Sunday, March 29, 2015

I'm about to piss everyone off--my take on bigotry esp in regards to the Religious Freedom Restoration Act

What's going on in Indiana makes me enormously sad. Most of the time, as a lesbian, I feel safe, accepted and loved by the people in my life. 

It's when something like RFRA comes around that I'm made aware that I'm living in a bubble.

It's uncomfortable. Uncomfortable for me because I now see in the clear light of day what people will do when allowed to let their prejudices run free. 

The ugly rider of RFRA is that you can exclude anyone from your business and call it "religious freedom".

So blatant. Shocking to see how thin the veneer of civility was--all some people needed was a little permission to act on their intolerances.

We have laws in place against this kind of behavior because it keeps the peace. But it doesn't change people. I would love it if we didn't need laws to promote civility and tolerance. Apparently the thirst to express intolerance is so great that a whole state needed a law to make it so (and how many other states will be emboldened to take similar measures--that remains to be seen).

All I want is for there to be an acknowledgement that RFRA really isn't about God or even religion. RFRA is a license to act out on one of the ugliest human impulses--the impulse to separate out and dominate people unlike ourselves because of differences in beliefs, practices and innate qualities. 

Why? Because there are people who are terrified of losing their little place of privilege in a vast, unruly universe.

We all think we are good people until our behavior shows otherwise.

A couple years ago I was eating dinner with the family of a good friend in their home--this friend is someone who I believe loves and cares about me. During the dinner banter his daughter quipped how something was "so gay". I shot her a look and she got very quiet. I don't know if anyone else heard what she said but the banter just kept on. I took note. It shocked me. It also made me very sad.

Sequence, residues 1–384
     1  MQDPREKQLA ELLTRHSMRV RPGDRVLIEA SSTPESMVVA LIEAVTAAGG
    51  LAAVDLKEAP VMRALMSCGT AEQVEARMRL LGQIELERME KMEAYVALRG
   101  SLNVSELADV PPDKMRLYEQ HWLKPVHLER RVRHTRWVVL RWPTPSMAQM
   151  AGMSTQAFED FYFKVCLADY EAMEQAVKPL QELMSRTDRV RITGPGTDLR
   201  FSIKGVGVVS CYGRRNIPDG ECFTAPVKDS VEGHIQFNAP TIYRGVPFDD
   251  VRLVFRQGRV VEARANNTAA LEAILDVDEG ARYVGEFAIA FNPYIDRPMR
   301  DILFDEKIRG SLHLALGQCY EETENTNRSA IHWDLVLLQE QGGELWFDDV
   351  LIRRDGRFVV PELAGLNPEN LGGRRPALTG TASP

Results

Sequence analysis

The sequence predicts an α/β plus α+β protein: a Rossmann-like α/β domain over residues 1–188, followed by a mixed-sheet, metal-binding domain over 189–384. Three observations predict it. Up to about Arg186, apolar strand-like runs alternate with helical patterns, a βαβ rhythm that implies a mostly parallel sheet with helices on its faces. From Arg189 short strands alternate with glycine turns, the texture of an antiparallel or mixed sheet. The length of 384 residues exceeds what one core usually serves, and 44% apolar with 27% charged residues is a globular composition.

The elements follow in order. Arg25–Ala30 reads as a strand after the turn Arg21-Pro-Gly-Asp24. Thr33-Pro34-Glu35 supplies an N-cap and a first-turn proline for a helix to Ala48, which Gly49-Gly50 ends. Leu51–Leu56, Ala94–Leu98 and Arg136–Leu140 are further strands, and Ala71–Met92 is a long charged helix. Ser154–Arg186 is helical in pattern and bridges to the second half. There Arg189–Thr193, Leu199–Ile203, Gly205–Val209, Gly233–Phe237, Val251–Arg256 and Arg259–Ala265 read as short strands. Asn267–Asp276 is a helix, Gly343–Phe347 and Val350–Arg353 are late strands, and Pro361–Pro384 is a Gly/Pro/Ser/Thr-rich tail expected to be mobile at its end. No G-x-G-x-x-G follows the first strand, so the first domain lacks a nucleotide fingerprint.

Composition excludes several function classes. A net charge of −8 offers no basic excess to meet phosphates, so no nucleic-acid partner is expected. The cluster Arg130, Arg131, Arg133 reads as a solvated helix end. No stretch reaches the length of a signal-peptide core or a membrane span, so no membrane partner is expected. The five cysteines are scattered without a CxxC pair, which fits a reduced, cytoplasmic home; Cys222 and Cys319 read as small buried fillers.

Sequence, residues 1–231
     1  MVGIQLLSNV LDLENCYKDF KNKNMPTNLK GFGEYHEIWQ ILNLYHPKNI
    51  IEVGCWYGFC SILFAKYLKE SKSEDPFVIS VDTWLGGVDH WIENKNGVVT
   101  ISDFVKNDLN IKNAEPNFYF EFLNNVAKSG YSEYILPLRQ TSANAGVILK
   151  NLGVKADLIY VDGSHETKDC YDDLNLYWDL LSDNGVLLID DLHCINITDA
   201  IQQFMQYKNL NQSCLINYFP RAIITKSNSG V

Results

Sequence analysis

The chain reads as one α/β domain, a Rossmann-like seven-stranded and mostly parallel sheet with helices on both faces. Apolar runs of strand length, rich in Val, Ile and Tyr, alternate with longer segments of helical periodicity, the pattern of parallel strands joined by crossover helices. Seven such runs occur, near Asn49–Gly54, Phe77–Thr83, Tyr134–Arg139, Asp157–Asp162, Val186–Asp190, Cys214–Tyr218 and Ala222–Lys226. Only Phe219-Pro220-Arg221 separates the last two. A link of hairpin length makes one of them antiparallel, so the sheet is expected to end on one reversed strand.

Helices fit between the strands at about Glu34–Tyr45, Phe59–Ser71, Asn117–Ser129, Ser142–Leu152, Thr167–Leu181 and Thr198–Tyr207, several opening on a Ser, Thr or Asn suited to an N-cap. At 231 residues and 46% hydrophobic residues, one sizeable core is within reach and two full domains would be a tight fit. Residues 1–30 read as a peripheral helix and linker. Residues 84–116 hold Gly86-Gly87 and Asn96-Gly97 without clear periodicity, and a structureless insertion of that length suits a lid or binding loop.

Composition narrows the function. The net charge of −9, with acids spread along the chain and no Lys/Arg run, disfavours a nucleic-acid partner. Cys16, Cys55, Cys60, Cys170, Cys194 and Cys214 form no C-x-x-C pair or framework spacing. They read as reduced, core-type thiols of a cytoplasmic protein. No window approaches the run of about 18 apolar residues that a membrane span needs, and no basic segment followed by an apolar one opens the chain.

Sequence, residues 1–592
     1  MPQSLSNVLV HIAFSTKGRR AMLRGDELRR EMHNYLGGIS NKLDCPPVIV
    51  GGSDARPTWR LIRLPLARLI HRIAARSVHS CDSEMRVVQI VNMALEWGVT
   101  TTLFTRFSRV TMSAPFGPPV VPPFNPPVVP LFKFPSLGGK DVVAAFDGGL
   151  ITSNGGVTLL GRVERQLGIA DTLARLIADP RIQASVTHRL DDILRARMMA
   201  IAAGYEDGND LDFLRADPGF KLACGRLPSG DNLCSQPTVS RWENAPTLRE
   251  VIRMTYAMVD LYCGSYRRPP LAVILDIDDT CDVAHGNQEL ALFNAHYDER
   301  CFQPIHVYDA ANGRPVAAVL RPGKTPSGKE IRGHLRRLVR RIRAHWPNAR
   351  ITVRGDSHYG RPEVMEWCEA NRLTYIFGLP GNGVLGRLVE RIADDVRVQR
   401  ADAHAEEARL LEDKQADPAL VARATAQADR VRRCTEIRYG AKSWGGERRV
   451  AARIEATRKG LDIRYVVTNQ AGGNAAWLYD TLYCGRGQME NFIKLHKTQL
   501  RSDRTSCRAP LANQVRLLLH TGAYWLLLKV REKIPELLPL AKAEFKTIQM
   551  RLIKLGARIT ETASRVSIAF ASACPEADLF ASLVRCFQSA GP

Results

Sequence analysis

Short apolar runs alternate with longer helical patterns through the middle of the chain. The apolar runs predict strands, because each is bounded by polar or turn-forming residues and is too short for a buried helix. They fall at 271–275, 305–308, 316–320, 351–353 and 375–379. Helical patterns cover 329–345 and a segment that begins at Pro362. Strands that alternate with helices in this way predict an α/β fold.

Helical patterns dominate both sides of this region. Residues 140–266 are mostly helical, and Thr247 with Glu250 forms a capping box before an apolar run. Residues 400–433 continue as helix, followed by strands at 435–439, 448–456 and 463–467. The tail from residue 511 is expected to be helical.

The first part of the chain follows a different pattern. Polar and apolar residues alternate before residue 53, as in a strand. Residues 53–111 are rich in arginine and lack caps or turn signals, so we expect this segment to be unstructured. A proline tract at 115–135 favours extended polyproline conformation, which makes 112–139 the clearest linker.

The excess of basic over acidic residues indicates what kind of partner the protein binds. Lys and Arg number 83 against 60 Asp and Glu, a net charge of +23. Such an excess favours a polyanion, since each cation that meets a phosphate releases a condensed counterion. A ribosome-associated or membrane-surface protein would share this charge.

We think we are so cool and inclusive to have a friend unlike ourselves until our biases show. 

I don't say these things because I am enlightened. I say these things because I know I am biased.

When I was in my early 30s, I moved to San Diego. I had lived most of my life in Northern California and was moving down the state to follow my partner. It was a big deal for me at the time--I was leaving my family and everything familiar. Still, I was willing to try something new so south I went.

The exhausting twelve-hour drive south in the suspension-free diesel truck killed my body--by the time we arrived I was a physical wreck running on fumes.

As we pulled up to our new home as the sun was setting. In my fatigue and emotional fragility I noticed one thing that I had never thought of until that moment.

We had moved into a predominantly non-white neighborhood.

The neighbors, the stores, and all the signs showed me loud and clear that I wasn't living in middle class San Jose any longer.

For the first time in my life I was going to live in a place where most people didn't look like me. The realization was unsettling because up until that moment I thought I was color blind.